According to Wageningen University in the Netherlands, circular bio-economy “uses fewer natural resources, has lower emission levels, and will improve the nature-inclusivity and biodiversity of the food system compared to the current systems”. And the World Economic Forum states that it “offers a conceptual framework for using renewable natural capital to transform and manage our land, food, health, and industrial systems, with the goal of achieving sustainable wellbeing in harmony with nature. “
At the Connected Circularity Research Center in Wageningen University in the Netherlands, there are four flagship projects aiming at propelling this transition in society. Within each grouping, there are several smaller projects, such as bicycle lanes of lignin (a green mineral plant) and bakery waste processed into animal feed. Flagship project 1 is aimed at designing “alternative scenarios for the future of a biobased economy in the Netherlands and will map the ecological and economic consequences of these scenarios.” Flagship project 2 is aimed at developing a tool to assess the safety of products. Flagship project 3 is aimed at learning “from successful and failed circularity projects.” Lastly, flagship project 4 is aimed to design “solutions for urban challenges.”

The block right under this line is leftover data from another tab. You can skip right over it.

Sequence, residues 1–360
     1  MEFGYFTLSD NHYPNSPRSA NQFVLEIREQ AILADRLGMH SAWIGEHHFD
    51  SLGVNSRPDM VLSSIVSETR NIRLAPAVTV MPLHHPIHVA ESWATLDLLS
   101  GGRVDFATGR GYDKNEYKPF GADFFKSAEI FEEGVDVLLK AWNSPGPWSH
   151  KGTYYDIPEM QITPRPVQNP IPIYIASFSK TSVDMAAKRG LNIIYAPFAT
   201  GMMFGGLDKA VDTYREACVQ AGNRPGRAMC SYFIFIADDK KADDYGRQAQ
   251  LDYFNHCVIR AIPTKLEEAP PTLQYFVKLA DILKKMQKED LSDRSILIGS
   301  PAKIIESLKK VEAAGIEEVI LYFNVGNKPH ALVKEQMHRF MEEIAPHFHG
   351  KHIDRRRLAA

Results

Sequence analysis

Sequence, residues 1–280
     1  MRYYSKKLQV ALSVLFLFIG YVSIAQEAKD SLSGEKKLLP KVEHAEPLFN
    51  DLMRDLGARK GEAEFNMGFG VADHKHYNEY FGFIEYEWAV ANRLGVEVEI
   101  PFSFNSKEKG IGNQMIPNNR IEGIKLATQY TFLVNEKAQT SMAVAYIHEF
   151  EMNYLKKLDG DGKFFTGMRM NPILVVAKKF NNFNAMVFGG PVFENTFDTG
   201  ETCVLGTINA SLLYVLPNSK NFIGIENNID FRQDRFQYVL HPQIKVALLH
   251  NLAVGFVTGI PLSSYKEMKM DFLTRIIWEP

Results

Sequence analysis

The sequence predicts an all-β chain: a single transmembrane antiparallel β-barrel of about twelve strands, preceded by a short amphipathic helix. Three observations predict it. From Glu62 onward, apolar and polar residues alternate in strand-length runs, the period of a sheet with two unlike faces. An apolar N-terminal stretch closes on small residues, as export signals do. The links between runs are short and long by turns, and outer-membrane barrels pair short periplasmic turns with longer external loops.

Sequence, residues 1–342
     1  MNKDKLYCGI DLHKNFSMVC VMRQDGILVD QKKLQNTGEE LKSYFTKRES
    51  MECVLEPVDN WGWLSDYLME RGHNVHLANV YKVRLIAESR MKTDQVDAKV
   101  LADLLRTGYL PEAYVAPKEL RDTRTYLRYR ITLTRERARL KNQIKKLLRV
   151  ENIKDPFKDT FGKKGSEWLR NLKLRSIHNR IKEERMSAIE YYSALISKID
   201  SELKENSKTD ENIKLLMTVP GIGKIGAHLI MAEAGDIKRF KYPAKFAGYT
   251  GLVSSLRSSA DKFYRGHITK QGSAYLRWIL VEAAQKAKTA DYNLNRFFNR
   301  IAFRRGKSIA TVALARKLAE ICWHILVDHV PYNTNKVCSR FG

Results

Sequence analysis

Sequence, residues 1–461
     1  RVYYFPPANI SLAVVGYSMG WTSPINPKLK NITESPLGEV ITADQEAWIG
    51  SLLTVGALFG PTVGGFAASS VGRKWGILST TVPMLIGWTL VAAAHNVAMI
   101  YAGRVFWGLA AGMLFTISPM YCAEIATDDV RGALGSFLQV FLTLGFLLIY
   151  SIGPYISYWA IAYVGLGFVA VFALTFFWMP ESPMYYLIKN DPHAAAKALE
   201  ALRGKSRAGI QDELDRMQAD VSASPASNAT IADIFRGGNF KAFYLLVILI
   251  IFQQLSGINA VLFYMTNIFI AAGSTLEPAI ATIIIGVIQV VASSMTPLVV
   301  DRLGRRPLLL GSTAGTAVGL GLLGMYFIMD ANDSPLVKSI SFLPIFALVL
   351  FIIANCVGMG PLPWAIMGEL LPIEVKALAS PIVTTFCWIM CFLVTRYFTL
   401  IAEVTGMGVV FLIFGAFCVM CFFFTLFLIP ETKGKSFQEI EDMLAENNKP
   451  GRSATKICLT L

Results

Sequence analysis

As the proverb goes, one man’s trash is another man’s treasure, circular bio-economy is about using the byproducts of a given production cycle for a different one. In this way, we can diminish waste and substitute or use less prime materials. This modifies our conception of what waste is and means and we start connecting different components. Therefore, I invite everyone to explore what circular-bioeconomy is, how can this concept assist society to transition into a healthier and fairer future for our planet, and what we as individuals can do to promote being part of this transition.
By Olga Muñoz, Graduate Assistant